In November 2013, I gave a talk about the Lua Ecosystem at Lua Workshop, in which I mentioned that finding the best module for some job could be hard and introduced a website I had built to solve that problem.
That website, Lua Toolbox, was inspired by the popular Ruby Toolbox. It had two major features: modules classification ("labels") and endorsements by users. I had written it using Leaf Corcoran's relatively new Lua Web framework, Lapis, and Redis as the datastore.
In August 2014, MoonRocks, one of Leaf's many projects, became the official website for LuaRocks. It offered many features including user accounts, manifests and the ability to upload rocks on the Web. We quickly started to discuss merging Lua Toolbox into MoonRocks, but it led nowhere at first and the two websites continued their separate lives.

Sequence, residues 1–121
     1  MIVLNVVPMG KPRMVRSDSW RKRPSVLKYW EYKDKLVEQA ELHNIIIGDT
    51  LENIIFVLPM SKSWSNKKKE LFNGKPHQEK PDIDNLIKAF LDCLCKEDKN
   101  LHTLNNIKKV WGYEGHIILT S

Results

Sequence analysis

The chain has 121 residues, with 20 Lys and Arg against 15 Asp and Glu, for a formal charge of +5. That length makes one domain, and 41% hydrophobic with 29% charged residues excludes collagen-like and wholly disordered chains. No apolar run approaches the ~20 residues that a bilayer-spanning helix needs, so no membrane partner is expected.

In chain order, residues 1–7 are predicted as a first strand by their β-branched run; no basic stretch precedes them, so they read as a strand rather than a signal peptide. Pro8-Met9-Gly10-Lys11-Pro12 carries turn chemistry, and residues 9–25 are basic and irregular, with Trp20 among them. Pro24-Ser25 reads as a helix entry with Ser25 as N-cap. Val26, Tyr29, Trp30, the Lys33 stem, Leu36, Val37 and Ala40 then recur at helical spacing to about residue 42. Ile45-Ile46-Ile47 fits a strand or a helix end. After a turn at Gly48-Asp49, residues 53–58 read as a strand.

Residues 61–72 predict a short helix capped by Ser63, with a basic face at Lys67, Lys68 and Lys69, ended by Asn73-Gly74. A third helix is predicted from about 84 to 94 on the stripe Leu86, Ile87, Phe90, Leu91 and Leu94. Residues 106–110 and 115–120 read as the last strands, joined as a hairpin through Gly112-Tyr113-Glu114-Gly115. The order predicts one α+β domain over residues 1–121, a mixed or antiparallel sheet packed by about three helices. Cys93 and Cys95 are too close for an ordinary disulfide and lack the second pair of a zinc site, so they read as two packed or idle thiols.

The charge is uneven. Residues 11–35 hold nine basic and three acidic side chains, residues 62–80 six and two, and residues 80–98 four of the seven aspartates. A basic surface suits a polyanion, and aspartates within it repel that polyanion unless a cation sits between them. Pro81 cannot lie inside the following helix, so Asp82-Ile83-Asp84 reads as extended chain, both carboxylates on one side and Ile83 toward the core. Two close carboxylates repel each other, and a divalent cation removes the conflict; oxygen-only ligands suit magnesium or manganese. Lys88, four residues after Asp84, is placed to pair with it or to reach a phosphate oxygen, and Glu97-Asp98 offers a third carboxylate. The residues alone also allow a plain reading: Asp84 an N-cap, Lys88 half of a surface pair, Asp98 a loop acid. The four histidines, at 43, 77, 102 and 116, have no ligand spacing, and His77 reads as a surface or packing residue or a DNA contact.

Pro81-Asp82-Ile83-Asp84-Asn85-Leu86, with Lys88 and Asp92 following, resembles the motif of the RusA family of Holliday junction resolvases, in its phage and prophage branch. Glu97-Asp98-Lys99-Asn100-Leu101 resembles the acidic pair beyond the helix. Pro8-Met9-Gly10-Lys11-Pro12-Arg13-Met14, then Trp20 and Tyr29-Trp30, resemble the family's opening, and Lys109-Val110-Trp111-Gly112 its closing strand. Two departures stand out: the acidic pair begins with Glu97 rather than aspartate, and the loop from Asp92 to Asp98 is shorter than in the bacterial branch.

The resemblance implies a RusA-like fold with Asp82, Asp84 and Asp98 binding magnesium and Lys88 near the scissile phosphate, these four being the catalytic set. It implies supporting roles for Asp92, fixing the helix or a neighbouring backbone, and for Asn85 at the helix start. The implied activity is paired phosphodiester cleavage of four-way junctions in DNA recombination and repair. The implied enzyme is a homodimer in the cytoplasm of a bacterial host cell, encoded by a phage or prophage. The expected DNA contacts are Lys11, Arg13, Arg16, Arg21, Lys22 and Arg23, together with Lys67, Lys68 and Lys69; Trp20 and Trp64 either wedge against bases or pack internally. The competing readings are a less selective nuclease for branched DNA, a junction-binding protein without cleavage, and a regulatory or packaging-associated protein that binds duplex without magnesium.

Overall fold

Eventually, in March 2016, Etiene Dalcol took up the project. By September her and Leaf had written the code for labels and "follows", which replace endorsements. They also added a feature for users to convert their Toolbox endorsements to LuaRocks follows. I sent them a data dump which they imported into the production LuaRocks website, and I turned Lua Toolbox read-only.Today, I finally replaced the whole website by a static page redirecting users to LuaRocks. In the end, the Toolbox had 232 users and referenced 1217 modules. The source code remains available but I would not advise you to do anything with it (it uses old Lapis APIs, from a time where plain Lua support was not official).